Pierced for our Transgressions: Rediscovering the Glory of Penal Substitution is the product of Steve Jeffery, Mike Ovey and Andrew Sach, all of whom are connected to Oak Hill Theological College in London, England. It carries a Foreword by John Piper. The book, published by Inter-Varsity Press, is currently available only in the U.K. (though rumors abound that it is available at a few stores in this part of the world). Crossway has secured the North American rights and will be releasing it on this side of the Atlantic in the fall.
The book is written for the serious and thoughtful general reader. Those who aspire to read nothing more complicated than Yancey or Lucado may find this a challenging, though surely enlightening, read. Those who tend towards works of serious theology will find it eminently readable. Those hoping for an exhaustive scholarly treatment of the subject will be disappointed.
The authors do not keep the reader waiting to learn what this doctrine entails. The first sentence of the first chapter is this: “The doctrine of penal substitution states that God gave himself in the person of his Son to suffer instead of us the death, punishment and curse due to fallen humanity as the penalty for sin.” They say, rightly, that this understanding of the cross stands at the very center of the gospel message as given us in the Bible. What may seem so coarse, so vulgar, so bloody is, must be seen to be beautiful by those whose lives have been transformed by the victory won at so great a cost. It is, as per the book’s subtitle, a glorious doctrine and one the church would do well to rediscover. While relatively few have renounced the doctrine, too few have even been explicitly aware of its existence.
The book’s content falls in two parts. In the first the authors make the case for penal substitution, looking to the Bible, to associated theology, to its pastoral importance and to its long historical pedigree in the Christian faith. In the second part they turn to the critics, answering the charges that have been lodged against the doctrine. While there is much value to be mined in the latter half, it is the former that is of most profound importance. It is here that the doctrine is laid out, it is here that it is defended. We see that this doctrine is found in both Testaments and that it is foundational to our understanding of Jesus’ mission, both in the way it was foreshadowed in the Old Testament through sacrifice and prophecy and in the way it was fulfilled and applied in the New. Though the authors are unable to provide an exhaustive treatment, something which could easily run to several volumes, they do provide a valuable overview of this doctrine’s biblical basis. They turn next to this doctrine’s place in the wider context of Christian theology, showing how it is inexorably connected to other Christian doctrine. After touching on the pastoral implications of maintaining the place of this doctrine, anticipating the charge that this theology is but a modern addition to Christianity, they defend it historically, showing how it has a historical pedigree that spans the two thousand years of church history. Finally, with the theology firmly in place, they move deliberately and confidently through objection after objection, charge after charge, responding to the critics of this doctrine. They are nothing if not thorough.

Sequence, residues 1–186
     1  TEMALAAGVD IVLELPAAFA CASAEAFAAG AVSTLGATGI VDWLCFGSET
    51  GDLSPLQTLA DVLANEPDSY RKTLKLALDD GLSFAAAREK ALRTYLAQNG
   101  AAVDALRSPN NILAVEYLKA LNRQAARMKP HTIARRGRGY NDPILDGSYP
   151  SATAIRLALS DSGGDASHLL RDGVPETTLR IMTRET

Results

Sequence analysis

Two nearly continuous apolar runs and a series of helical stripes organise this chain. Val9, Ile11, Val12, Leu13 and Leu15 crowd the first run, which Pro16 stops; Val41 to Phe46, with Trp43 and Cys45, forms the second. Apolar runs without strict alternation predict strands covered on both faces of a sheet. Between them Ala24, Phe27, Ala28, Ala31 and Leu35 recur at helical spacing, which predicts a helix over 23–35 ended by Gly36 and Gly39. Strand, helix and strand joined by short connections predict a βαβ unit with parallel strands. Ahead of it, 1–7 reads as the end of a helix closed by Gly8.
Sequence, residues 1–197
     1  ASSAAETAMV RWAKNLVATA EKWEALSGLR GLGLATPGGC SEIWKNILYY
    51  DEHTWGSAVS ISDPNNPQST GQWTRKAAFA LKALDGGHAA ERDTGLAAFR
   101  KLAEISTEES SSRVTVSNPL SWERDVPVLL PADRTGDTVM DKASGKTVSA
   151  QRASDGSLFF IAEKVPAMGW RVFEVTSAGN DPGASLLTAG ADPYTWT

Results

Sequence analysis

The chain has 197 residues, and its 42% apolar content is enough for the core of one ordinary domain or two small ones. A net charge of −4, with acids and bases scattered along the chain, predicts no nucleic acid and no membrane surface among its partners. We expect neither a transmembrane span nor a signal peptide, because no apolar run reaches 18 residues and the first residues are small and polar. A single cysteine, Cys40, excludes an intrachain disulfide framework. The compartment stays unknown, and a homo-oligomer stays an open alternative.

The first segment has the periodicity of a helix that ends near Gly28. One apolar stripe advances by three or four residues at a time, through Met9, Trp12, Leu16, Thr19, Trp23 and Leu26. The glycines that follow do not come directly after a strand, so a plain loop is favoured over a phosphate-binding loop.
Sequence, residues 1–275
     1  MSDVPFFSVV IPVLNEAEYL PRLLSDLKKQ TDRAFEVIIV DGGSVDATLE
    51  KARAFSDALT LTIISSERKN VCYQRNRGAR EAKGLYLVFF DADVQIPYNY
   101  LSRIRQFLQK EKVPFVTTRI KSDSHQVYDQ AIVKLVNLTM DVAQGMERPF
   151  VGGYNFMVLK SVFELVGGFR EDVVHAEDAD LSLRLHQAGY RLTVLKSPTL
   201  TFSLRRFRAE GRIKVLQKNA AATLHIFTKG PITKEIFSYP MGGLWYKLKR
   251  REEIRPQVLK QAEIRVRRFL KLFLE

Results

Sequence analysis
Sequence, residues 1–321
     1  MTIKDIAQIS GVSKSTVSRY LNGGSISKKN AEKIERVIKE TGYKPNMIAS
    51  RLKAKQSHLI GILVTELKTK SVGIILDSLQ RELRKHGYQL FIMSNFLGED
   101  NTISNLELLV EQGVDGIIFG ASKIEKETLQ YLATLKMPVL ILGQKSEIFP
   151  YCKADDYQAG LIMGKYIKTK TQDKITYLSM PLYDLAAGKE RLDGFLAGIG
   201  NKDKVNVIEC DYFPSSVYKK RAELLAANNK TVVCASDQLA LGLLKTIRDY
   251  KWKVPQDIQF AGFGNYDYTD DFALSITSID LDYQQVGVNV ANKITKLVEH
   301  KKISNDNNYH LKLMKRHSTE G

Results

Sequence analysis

Endorsed by a veritable who’s who of conservative evangelicals, this book is sure to clearly delineate the divide between those who hold to the historic Protestant position on this doctrine and those who do not. It has already done this in the U.K. and we expect it to do the same on the other side of the Atlantic when it is released later this year. I pray that it is widely read, widely studied and widely influential. Jeffery, Ovey and Sach have done the church a service with this volume. I’m grateful for it and commend it to you.
You can buy it at Westminster Books or at Amazon: